Sometimes I stand in the book aisle (too small at Walmart), thumbing through a Harlan Coben novel, looking for my name so that I can startle a passer-by and brag that that “Loren Muse” is really my name. It’s my plan to whip out my driver’s license for proof before the person pulls her child close and backs carefully away. I haven’t had any luck yet, but I swear I do this sometimes. (And don’t get me started on how long I leafed through NYT crossword book compilations at a bookstore this weekend looking to see if my name is one of the by-lines. Nope. (Say nope with a little aspirated pop on that P.)

I had a dnf with the LANDO/LSAT/CREON area. I didn’t even guess, but “panda/pande/pando” could’ve worked just fine for me. Sorry, Mr. Calrissian. And CREON? Sheesh. Waaaay out of my mythunderstanding.

STOOD BY is really interesting. If it’s transitive, you’re being supportive. If it’s intransitive, you’re being a weenie.

I STOOD BY my mom when she followed her heart and bought a dress like this but purple and black and she was in her ‘50s and I’m not making this up.

I STOOD BY as the people in church stared.

@phil-phil from yesterday. I really don’t weld that much. I was just being a smart a_ _. I’ve done some mig and some stick – Hated stick until I switched rods and stopped having it, well, stick, every two inches. I’m just trying to learn a bit so I have some common ground with most of my students who spend half their days at the Career Center. I was serious, though, when I said Oxi-fuel is next.

@George – so you learned two ways to say “thank-you” – great! Serendipity – yesterday I got a text from my son who’s seeing in the new year in DC with a friend.

Mom - quick - how do you say “thank you” to a guy from Ethiopia? I need it fast.

I texted right back – It sounds something like this: AM AH SEKI NAH LO.

He texted back words that I never, ever hear as a mom –

I’m impressed.

So two hours later, he wanted to say “thanks” in Arabic. SHOOKRAN.

By then he had loosed The Beast. I texted, You could say this first: MAR HABA but for that H? - make a little sound like you have a small non-threatening hairball in your throat.

No response.

Hey, Listen.. if you happen to be in a bookstore in DC…..

Just stop, Mom.

Happy 2017 to my best favorite people in the world.

Nancy 10:01 AM  

I knew that 48D was one of the SATS, and I figured lawyers were likely to be tested on their abilities at logical thinking. Guessed right. Neither my knowledge of Star War actors (48A) nor my command of Hawaiian (44D) is very good, but I thought that Hawaiian has more As in it than any other vowel. So I guessed right there, too. Wanted PRIAM before CREON (don't remember Antigone very well) but the N from the US SENATE made that impossible. Eventually got all of this one (and only) difficult section.

Other than that, an extremely easy puzzle. I filled it in dutifully, without once ROLLING IN THE AISLES while doing it. I thought the concept was very cute and a little bit different -- but, alas, cute and different do not alone a great solving experience make. Okay, but no more.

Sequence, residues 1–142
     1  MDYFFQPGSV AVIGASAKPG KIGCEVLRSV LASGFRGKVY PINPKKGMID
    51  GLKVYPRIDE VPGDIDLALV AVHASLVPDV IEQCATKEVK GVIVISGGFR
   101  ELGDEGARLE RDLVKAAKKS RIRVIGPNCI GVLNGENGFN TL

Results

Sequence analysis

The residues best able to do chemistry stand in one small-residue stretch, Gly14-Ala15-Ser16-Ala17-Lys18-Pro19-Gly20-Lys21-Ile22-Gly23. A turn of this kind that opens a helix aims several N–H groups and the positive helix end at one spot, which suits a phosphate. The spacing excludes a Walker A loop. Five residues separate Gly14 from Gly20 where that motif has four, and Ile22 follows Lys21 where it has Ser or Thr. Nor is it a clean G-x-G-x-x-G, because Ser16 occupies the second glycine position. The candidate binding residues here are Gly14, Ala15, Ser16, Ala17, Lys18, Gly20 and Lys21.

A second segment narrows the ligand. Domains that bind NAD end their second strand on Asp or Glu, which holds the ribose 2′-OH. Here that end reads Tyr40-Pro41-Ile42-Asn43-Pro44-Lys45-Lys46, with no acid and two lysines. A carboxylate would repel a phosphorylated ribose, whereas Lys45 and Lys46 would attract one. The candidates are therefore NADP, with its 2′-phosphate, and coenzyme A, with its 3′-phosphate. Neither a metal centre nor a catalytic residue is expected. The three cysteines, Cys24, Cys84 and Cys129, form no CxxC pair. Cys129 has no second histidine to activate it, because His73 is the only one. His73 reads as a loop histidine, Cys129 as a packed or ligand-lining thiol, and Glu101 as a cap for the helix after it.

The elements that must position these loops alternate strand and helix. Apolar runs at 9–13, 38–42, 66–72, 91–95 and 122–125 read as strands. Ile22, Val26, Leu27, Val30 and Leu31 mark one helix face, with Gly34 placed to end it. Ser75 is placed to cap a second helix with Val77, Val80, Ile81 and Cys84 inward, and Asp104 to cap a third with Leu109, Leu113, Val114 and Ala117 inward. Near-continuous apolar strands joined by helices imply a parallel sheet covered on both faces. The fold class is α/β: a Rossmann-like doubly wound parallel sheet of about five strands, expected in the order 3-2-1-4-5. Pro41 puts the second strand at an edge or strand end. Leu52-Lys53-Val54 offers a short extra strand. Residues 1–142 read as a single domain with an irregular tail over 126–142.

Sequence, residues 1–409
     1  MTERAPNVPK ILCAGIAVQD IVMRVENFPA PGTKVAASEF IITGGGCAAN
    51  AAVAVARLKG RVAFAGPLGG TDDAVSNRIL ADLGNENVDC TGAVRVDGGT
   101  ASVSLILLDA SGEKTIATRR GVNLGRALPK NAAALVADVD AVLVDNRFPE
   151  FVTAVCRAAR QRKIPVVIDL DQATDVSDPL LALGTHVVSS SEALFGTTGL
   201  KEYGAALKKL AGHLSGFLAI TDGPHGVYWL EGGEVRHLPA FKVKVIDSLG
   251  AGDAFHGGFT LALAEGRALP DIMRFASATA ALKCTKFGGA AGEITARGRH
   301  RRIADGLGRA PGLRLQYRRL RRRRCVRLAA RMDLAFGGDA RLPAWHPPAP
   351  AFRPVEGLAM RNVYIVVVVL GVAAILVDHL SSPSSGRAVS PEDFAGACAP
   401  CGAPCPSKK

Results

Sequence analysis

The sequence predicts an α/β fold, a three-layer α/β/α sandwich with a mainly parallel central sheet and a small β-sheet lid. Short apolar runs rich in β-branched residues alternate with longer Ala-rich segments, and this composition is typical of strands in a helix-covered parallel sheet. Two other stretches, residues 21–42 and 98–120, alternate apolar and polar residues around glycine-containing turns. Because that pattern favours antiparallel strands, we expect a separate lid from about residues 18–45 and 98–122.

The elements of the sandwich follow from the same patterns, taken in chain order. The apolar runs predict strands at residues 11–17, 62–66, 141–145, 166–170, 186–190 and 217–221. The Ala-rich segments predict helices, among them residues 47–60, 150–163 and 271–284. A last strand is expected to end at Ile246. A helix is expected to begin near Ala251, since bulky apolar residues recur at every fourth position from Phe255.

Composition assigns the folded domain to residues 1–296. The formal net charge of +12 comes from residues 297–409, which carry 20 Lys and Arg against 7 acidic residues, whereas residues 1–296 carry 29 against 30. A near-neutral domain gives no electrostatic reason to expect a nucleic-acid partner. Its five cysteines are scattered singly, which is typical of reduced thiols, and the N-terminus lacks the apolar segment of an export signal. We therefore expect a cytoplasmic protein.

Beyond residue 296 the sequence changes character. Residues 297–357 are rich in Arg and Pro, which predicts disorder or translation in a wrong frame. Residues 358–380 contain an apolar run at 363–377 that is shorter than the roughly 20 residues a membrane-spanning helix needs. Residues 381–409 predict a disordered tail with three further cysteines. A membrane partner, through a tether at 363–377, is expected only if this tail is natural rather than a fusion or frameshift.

Nit-pick in' Wm. C. 10:05 AM  

@anon4:05 --

Re: "... Champs Elysee ... Around .. The Arch de Triomphe ... (Not a "Way")

True that one must go around the Arch in a vehicle, since there is no roadway under it. However, one can certainly go through it on foot, so the Arch in that case is legitimately a "way."

QuasiMojo 10:07 AM  

Who says "orchestra hall"? It's "concert hall." I doubt people laugh in "wedding chapels." Most of the attendants (those who aren't being paid to be there, I suppose) are in tears. If you've never seen a Star Wars movie you may not have gotten "rey" and "achy." So that seems to me to be a Natick. And a needless one to boot. I have to agree about "rose tea." I've heard of Rose Marie, but not Rose Tea. Way too much forced and slightly off fill in this one to get a "Ha" out of me. Only "ho-hum."

Suzy 10:09 AM  

@George Barany-- Happy New Year to you, too!! And, yes, Donald O'Connor is truly amazing! What a talent! Arigato!

John McKnight 10:09 AM  

I feel like I was just trolled by this crossword puzzle.

noreen 10:10 AM  

Medium for me too. I was stuck for a while on orgchart (82 D); is org an abbreviation? And on the Hawaiian (44 D). Not much fun, no laughs or 'Ahas' of recognition.
One other question; I solve on paper in pencil and in the past several months, the pencil doesn't fully 'take' on the semi glossy paper of the NYT Magazine. Any solutions?

George Barany 10:15 AM  

We're definitely getting the New Year off to a good, peaceful start.

Nice to hear from @Michael HAnko, @Lewis, @Loren "HA HA" Muse Smith, @Molly Shu, @Nancy, @NCA President, @Suzy, @Wm. C, @Z ... looking forward to others checking in as the day progresses.

To @QuasiMojo, I wonder whether @Matthew Sewell was telegraphing his local biases. See: http://www.minnesotaorchestra.org/about/plan-your-visit/about-orchestra-hall

evil doug 10:16 AM  

Noreen--Be courageous! Take a chance! Yes: Use an extra-fine ballpoint. You can do it!

Nancy 10:20 AM